A plan to institute a photo ID requirement for voters remains controversial among lawmakers, but members of a House committee got their first glimpse at a possible bipartisan alternative.
Secretary of State Mark Ritchie appeared before the House State Government Finance Committee to demonstrate the use of electronic poll books. The technology consists of laptop computers containing updated voter registration data and photos provided by Driver and Vehicle Services. Proponents say providing electronic poll books for polling places would allow for the verification of voters’ identities without subjecting them to a photo ID requirement.
“It allows us to accomplish the very important task of bringing visual verification of voters into the polling place,” Ritchie said. He added, “It’s something that can be done very easily and relatively quickly.”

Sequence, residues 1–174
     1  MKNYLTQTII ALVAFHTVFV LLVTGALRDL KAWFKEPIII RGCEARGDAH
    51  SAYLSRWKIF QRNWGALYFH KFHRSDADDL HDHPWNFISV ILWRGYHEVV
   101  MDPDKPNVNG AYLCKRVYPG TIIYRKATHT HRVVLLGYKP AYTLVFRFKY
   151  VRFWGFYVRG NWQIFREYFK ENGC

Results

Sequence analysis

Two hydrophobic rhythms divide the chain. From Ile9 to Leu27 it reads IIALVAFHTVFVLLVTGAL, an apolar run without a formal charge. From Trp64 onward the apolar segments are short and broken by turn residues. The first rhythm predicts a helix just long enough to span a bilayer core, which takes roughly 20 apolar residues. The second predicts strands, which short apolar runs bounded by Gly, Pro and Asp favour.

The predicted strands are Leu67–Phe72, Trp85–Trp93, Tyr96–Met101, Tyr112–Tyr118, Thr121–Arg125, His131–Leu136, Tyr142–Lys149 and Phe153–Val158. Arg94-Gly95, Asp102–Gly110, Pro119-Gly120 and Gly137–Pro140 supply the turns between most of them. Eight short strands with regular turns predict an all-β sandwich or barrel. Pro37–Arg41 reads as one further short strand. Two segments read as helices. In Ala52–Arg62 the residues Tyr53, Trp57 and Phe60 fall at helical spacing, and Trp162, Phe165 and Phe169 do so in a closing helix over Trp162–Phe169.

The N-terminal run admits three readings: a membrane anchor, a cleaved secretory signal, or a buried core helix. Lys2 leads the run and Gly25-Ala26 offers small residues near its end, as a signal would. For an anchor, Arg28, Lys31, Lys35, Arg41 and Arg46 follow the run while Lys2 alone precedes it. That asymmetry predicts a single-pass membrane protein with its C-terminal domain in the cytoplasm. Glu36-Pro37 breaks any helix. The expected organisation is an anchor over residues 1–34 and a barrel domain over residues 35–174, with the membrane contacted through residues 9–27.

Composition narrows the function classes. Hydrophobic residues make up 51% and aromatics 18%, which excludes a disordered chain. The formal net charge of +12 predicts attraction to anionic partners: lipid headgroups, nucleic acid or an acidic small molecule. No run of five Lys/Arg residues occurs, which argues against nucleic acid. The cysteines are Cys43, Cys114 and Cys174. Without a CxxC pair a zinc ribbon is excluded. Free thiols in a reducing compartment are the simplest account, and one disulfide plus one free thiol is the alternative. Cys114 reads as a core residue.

Supporters say electronic poll books represent a less burdensome alternative to the photo ID law proposed by Republican lawmakers. Instead of requiring all voters to obtain a government-issued photo ID card with a current address on it, the electronic poll books would simply utilize the state’s current voter registration system, but with the added benefit of being able to identify voters visually.
Some doubt the value of such a system, however. Rep. Keith Downey (R-Edina) asked what the point is of making photos available at the polling places if there’s no photo ID requirement for voters to comply with.
“Under the premise of a photo ID requirement, I think this makes great sense. Absent photo ID, I can’t imagine we’d be sticking people’s photos on poll books,” he said.
The committee took no action. There are currently no bills moving through the House that would implement electronic poll books. Rep. Mike Benson (R-Rochester) said there is “still a lot of work to be done” on how best to roll out such a system.